Anna Coit's legacy

Southeastern Connecticut is rich in history made more vibrant by those who witnessed it, wrote about it and spent lifetimes celebrating it.

Anna Coit of North Stonington, who passed away at age 106 on Oct. 15, managed to accomplish all three.

As Day Staff Writer Ann Baldelli reports in today's edition, Miss Coit - an editor, author, environmentalist, historian, poet, farmer and teacher - lived an extraordinarily full and rewarding life that reflected her passion for land conservation, simplicity, education and, above all, generosity.

Her will provided thoughtful bequests not only to favorite charities - Mrs. Coit left most of her beloved Denison Hill Road tree farm, where she grew spruces and firs right up to the time of her death, to the Avalonia Land Conservancy, which she helped found - but also to the many people she befriended while growing up and living in a small, rural community. One longtime friend was willed $2,000 to buy a new hearing aid. Mrs. Coit (everyone knew her simply as "Anna"), a Vassar College graduate and the first woman writer at Time magazine, made additional bequests to the North Stonington Historical Society, which she also founded, and to the Westerly Monthly Meeting of Friends, with whom she shared Quaker beliefs.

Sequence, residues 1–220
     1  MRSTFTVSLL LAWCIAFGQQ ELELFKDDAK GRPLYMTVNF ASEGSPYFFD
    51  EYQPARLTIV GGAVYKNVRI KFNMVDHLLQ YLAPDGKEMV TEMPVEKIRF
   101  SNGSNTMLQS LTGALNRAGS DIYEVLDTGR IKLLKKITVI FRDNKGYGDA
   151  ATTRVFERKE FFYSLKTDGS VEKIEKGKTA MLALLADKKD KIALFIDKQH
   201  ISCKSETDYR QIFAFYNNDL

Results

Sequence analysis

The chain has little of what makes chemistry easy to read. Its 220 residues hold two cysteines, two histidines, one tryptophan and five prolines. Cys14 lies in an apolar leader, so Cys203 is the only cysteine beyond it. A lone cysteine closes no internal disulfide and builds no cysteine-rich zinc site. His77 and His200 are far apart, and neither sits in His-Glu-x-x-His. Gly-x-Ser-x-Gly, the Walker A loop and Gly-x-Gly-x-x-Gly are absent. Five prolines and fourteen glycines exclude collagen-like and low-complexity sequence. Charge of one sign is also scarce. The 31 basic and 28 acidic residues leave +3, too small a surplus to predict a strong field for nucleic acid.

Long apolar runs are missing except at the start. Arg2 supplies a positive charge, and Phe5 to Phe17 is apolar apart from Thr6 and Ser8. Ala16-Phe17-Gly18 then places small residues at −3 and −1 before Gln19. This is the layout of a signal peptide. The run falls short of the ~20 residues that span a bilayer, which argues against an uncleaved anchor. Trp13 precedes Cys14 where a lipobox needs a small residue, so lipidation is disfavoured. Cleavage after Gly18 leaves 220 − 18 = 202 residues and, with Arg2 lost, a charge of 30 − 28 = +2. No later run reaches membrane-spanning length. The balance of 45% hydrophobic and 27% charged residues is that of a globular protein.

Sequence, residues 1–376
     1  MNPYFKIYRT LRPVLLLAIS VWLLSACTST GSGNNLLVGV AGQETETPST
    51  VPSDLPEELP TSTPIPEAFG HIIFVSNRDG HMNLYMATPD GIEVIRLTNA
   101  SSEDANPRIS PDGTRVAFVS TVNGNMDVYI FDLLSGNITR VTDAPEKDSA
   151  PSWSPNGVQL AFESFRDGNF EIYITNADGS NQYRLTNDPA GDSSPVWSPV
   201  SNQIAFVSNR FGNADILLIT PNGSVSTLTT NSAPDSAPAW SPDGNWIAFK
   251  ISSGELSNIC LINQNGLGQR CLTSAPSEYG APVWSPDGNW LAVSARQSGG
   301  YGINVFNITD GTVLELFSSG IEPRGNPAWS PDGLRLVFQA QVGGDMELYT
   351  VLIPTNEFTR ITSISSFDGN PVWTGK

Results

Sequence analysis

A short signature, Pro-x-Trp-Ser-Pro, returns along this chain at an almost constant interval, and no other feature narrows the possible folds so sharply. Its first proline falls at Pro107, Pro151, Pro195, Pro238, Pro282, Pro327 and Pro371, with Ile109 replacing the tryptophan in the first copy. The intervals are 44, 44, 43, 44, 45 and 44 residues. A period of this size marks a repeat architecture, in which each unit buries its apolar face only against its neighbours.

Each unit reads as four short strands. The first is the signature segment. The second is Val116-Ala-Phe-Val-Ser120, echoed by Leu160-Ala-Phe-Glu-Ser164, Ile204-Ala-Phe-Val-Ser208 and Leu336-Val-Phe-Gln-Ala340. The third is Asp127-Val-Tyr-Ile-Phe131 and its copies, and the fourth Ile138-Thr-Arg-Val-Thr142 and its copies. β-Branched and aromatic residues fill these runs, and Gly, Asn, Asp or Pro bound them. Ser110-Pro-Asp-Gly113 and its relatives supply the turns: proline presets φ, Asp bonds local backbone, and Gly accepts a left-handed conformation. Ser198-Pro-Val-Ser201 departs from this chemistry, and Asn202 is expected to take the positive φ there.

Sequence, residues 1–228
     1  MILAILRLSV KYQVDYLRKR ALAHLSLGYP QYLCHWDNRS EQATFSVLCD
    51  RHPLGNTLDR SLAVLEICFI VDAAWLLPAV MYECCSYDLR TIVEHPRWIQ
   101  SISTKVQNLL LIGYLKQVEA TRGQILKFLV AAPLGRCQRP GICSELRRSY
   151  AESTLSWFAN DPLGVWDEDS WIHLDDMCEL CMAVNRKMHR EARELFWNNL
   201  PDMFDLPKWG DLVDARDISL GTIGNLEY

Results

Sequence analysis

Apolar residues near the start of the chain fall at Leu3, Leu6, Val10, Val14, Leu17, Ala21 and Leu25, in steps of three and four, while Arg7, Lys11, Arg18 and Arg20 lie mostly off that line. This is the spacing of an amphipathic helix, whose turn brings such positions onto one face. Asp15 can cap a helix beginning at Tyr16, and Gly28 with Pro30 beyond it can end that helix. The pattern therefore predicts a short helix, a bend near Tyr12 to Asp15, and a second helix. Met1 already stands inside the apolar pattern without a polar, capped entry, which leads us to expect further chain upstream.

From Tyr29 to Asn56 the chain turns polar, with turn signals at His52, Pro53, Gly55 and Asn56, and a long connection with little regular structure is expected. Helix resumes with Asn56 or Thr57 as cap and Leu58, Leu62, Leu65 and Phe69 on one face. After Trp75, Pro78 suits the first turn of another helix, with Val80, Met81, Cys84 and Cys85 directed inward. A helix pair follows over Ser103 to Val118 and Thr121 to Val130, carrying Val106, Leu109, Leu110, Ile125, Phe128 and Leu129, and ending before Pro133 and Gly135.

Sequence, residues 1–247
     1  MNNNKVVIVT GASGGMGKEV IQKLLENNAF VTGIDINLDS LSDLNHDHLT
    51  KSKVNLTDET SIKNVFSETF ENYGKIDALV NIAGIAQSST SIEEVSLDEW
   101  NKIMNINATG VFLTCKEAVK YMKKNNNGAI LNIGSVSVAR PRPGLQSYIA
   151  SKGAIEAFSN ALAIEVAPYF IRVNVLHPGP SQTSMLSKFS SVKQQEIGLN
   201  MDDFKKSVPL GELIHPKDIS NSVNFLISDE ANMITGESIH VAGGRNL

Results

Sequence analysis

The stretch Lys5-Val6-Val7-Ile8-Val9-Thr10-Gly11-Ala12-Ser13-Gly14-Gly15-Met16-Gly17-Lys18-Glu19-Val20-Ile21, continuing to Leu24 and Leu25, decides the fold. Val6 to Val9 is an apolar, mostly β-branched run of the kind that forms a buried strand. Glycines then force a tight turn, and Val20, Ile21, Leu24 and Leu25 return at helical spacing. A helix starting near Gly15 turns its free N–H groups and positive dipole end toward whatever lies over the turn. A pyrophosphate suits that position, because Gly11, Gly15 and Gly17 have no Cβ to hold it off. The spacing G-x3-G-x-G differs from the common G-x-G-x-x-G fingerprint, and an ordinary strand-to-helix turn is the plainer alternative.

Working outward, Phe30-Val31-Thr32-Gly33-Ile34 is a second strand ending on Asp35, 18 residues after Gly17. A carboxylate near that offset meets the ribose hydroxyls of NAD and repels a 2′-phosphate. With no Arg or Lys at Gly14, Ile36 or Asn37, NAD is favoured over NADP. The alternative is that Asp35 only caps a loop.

"To the very end, she was faithful to those things that she believed in, and they were all good causes," said will co-executor and friend Frank Eppinger.

Mrs. Coit even left her body for research to the Yale School of Medicine - and made sure she spent the final year of her life at a Mystic convalescent home rather than one across the border in Westerly after learning that Yale wouldn't accept the body of a person who died out of state.

The Westerly Monthly Meeting of Friends will conduct a memorial service honoring Mrs. Coit at 2 p.m. Saturday at the Wheeler Library in North Stonington, with a reception to follow at the North Stonington Congregational Church.

Though Mrs. Coit probably wouldn't want such a fuss made over her, we believe it would please her to have so many friends gather together.

The editorial board is composed of the publisher and four journalists of varied editing and reporting backgrounds. The board's discussions and information gained from its meetings with political, civic, and business leaders drive the institutional voice of The Day, as expressed in its editorials. The editorial department operates separately from the newsroom.


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